Here, we see a background that is bright, rich with interesting detail, and yet very clearly distinct from the active enemies. The background has two parallax layers, the deeper is extremely muted, but nevertheless provides negative space with a pleasant aesthetic. The shallower background layer is where the richness is…and Jamestown excels at using this medium to add to its memorable and atmospheric narrative. The secret sauce that makes it work is the thin but crsp black outline surrounding all of the active elements. This subtle aesthetic allows the user to play the game effectively, while also playing a little “movie” behind the action.
There is a significant limitation to this high-detail approach. it requires bright backgrounds so that the outline affordances are always nice and crisp. But what do you do when you need a darker background to portray specific environments, such as deep space or night-time? When it needs to, Jamestown circumvents this requirement by removing the storytelling detail in levels with dark backgrounds. The foreground elements in these levels must be nice and bright, like this:

On these darker levels, the bright enemy sprites have sufficiently contrast against the repetitive, muted background, and thus do not require the outlines–which are completely invisible against this dark, low detail background.

Part III : The Complete Aesthetic

In most any game, the look of enemy bullets<link to part 1> and background/active differentiation<link to part 2> are just two of several different factors that go into the overall aesthetic of the game. Because they are so critical in a foundationally simple genre like shmups, they define much of the topology of the game’s visual design. But there are countless, mostly unrelated, decisions that go into the overall aesthetic of the game. Let us briefly touch on some of the possibilities:

HUD design : how does the HUD “speak to” the game action, and vice versa? Are there gameplay elements that are too complex for simple affordance, which need some sort of specific UI callout? How do those elements mesh with bullets, backgrounds, and so on? How should the HUD reflect the overall aesthetic?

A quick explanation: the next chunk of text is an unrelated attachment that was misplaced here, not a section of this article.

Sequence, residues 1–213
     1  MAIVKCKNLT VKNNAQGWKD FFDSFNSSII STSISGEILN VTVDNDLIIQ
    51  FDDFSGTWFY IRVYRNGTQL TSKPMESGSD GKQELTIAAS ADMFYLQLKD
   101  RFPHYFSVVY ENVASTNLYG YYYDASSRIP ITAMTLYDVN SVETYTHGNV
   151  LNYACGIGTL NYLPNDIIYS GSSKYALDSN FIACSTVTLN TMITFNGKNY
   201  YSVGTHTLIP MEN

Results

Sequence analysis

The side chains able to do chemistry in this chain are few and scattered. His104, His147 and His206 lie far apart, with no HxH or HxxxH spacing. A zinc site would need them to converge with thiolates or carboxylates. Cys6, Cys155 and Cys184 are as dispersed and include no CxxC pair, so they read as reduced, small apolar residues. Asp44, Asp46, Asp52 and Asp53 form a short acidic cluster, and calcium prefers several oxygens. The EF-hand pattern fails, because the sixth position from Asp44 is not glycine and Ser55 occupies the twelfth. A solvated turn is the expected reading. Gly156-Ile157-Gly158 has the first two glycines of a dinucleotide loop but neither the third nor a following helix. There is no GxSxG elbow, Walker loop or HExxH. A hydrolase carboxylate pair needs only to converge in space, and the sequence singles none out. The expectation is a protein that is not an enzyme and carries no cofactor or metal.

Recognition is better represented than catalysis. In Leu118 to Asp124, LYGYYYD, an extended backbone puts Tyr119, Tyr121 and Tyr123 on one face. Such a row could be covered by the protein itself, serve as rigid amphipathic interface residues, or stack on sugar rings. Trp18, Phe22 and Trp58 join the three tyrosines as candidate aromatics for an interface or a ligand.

Menu design : Exceptional games have clean, understandable menus, with artistic and design elements that conform to both the core game and any metagames, as appropriate. Menus should “belong” in the world created by the gameplay and narrative.

Player Weapon design: in Part I we only discussed enemy bullets, but obviously the bullets that the player shoots from their avatar (and options, etc) are important as well. It is important to note, however, that the design of player bullets needn’t be quite as strict and uniform as enemy bullets must be. They matter, and any sort of affordance that relates to the characteristics of the “bullet” depicted is helpful, but since they are only your offensive focus they are of secondary importance–behind your ability to dodge enemy bullets etc.

Narrative: this might be considered a critical exception to the considerations of art aesthetic, but I include it here for completeness. Sometimes, the narrative theme of a shmup (or any other genre) might be completely divorced from the aesthetic presentation. Again, reference Sine Mora, a story about anthropomorphized animals living through a nightmare of racial subjugation, loss, regret, and general time-traveling horror. Bright, beautiful diesel-punk graphics belie some serious Animal Farm type shit!

Bullet behavior: beyond considerations of raw visibility, the best bullets also say something about how they work. Projectiles might look different (but still artistically coherent) if they are targeted, danmaku-style, or homing. 

These are but a few of the considerations that may, or may not, play a role in defining the overall aesthetic of a shoot em up. There are several more that may contribute, as well. Soon, our work-in-progress “cinematic” shmup (code name DARKFLOW) will choose a final aesthetic…until next time shmuppers….Omicron out.

Keep the DarkFlow community strong: